Neonatal-Perinatal Medicine Clinical Training

The Division of Newborn Medicine is responsible for staffing the Neonatal Intensive Care Units (NICUs) at Magee-Womens Hospital of UPMC and Children's Hospital of Pittsburgh of UPMC; both hospitals are part of UPMC. Magee-Womens is the main delivery hospital for UPMC and serves as the high-risk obstetrics referral center for the tristate area; approximately 10,000 infants are delivered at Magee annually.

The Magee NICU is equipped with 77-beds, and admits approximately 1,700 infants each year and has an average daily census of 68 patients. The NICU is contiguous to the delivery suites as well as a perinatal intensive care unit for high-risk obstetrical patients. Magee-Womens has an active delivery service in which Neonatology and Perinatology work closely together. The Fetal Diagnosis and Treatment Center, located at Magee, offers an interdisciplinary team of neonatologists, geneticists, maternal/fetal medicine specialists, and pediatric surgeons in a centralized referral center that evaluates approximately 200 to 300 patients per year. Pediatric Cardiology and Radiology are both available in-house at Magee; other pediatric and pediatric surgical consultants are housed at Children's Hospital and provide timely on-site consultations at Magee.

The NICU at Children's Hospital of Pittsburgh of UPMC is a 55-bed combined medical-surgical unit, located on the 8th floor of the new 10-acre medical and research campus in Pittsburgh’s Lawrenceville neighborhood. There are 1,260 admissions per year and has an average daily census of 55 patients. More than 1,000 infants each year are transferred to the Children's Hospital NICU from nurseries in the tristate area and beyond due to complex cardiac, genetic, or multi-organ disease, or because they require surgical treatment or extracorporeal membrane oxygenation (ECMO). Our neonatologists are experts in managing critically ill infants; our fellows quickly become familiar with state-of-the art therapies including inhaled Nitric Oxide (iNO), ECMO, and induced Whole Body Hypothermia.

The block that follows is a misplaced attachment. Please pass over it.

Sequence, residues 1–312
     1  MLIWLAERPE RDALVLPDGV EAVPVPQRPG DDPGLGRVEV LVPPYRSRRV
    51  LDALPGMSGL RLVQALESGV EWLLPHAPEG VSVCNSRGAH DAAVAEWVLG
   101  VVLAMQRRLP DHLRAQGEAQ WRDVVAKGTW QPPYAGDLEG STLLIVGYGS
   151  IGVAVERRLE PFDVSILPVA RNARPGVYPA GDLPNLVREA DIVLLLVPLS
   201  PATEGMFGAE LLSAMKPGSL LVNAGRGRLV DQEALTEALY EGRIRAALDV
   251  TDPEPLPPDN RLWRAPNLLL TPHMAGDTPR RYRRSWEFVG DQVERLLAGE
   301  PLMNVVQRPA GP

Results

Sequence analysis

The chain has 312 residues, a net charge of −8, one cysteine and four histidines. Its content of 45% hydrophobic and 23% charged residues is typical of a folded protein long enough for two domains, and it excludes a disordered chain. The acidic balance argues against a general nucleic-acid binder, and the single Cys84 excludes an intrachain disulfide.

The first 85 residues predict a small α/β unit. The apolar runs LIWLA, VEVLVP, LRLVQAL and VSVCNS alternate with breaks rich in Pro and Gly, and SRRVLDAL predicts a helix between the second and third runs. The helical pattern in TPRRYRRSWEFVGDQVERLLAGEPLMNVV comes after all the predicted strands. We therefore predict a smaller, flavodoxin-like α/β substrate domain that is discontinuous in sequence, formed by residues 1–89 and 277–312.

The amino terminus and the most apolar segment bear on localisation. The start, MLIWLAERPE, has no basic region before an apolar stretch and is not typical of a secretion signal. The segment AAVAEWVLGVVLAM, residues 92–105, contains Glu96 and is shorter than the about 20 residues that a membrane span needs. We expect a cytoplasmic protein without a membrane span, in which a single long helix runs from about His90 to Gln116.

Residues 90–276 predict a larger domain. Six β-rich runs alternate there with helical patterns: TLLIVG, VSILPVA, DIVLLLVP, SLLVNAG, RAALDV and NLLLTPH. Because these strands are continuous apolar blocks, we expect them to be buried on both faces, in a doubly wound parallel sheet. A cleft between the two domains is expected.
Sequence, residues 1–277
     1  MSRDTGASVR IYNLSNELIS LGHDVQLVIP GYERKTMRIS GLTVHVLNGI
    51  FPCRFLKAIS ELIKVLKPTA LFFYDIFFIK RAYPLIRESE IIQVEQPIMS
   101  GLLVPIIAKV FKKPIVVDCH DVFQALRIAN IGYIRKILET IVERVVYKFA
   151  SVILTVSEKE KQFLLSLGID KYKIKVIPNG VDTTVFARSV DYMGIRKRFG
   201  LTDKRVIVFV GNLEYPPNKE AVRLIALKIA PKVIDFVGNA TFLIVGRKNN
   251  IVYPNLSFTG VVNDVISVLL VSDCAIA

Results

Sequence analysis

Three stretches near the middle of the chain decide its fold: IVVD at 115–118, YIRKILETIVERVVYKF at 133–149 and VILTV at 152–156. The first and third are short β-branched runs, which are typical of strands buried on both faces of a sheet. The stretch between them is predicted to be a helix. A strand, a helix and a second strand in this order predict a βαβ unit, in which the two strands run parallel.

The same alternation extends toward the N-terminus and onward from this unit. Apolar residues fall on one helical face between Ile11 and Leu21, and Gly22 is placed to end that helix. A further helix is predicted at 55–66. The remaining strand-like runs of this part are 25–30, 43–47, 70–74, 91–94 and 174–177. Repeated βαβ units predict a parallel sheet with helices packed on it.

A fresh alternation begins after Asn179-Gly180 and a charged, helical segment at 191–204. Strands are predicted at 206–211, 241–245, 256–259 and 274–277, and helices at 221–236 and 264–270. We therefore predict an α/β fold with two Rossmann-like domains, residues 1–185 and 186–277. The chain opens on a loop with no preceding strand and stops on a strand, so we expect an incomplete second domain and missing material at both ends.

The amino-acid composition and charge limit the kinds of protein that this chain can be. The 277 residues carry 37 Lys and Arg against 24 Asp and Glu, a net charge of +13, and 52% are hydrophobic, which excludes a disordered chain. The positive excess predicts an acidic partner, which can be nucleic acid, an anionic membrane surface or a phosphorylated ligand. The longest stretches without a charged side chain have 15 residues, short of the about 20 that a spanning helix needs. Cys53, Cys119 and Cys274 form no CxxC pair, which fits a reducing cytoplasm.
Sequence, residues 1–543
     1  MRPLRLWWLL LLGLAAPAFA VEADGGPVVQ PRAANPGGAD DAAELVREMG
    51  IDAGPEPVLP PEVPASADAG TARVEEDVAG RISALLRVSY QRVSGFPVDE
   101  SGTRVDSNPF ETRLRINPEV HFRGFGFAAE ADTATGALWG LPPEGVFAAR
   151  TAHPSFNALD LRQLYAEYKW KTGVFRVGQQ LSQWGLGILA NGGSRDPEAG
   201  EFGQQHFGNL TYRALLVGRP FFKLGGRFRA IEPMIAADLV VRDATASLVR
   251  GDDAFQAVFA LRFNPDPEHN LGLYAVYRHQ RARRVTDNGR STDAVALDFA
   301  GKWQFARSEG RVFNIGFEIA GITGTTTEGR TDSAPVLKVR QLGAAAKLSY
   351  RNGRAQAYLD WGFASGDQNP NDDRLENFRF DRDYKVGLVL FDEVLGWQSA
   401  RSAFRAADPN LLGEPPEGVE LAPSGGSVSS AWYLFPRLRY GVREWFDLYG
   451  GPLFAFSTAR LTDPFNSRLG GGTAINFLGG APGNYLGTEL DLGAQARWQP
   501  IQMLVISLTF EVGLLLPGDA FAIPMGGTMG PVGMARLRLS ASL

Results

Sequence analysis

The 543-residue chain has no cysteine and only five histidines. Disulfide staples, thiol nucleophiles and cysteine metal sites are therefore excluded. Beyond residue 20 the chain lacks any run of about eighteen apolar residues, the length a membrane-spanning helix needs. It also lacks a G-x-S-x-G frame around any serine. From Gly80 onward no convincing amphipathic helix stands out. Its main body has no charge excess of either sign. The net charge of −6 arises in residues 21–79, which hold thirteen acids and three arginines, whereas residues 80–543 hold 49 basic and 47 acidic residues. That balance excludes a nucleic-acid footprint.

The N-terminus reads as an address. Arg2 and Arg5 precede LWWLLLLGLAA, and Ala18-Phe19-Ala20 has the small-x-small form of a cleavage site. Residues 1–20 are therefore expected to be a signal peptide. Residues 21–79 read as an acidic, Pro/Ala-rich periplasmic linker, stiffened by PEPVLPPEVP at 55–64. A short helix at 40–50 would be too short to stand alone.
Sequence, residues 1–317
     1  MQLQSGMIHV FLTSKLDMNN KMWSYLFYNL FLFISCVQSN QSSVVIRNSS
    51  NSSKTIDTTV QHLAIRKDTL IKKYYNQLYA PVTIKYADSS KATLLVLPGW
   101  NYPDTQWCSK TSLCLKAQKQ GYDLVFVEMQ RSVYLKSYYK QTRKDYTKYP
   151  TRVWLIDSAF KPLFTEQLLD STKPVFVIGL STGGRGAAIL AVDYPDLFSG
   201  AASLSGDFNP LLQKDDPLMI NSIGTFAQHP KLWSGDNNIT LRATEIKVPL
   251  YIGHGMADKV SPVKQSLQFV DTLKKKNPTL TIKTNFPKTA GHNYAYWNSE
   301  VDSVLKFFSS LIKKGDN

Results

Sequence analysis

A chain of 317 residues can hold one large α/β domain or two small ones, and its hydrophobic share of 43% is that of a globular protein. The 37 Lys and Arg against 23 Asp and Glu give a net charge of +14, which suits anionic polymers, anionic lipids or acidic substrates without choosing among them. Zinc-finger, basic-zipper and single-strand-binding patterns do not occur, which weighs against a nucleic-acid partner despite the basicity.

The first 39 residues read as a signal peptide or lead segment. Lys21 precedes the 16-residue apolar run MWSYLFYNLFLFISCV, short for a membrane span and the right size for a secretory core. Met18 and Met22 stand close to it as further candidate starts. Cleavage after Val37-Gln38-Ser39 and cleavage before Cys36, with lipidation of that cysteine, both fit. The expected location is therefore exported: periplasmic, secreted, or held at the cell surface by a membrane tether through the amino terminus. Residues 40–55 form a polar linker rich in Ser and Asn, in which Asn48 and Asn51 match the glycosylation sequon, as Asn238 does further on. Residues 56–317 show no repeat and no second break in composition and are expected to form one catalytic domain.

Fellows rotate through both the Magee and Children's NICUs. They interact with maternal-fetal medicine specialists, pediatric surgeons, pediatric cardiologists, and other pediatric subspecialists. During their clinical time the fellows provide supervision and teaching of the pediatric house officers at high-risk deliveries and work with housestaff in the stabilization and initial management of all new patients. The fellows also work closely with the attending neonatologists, assuming greater teaching, leadership, and patient care responsibilities as the fellowship progresses. In-house night call averages one night in five. The fellows also actively participate in neonatal transports (air and ground) while on service at Children's and Magee.

During rotations in the Neonatal Apnea and Neurodevelopmental Clinic, the fellows are exposed to an active infant-follow-up program. Fellows are also expected to contribute in teaching rounds and all divisional conferences.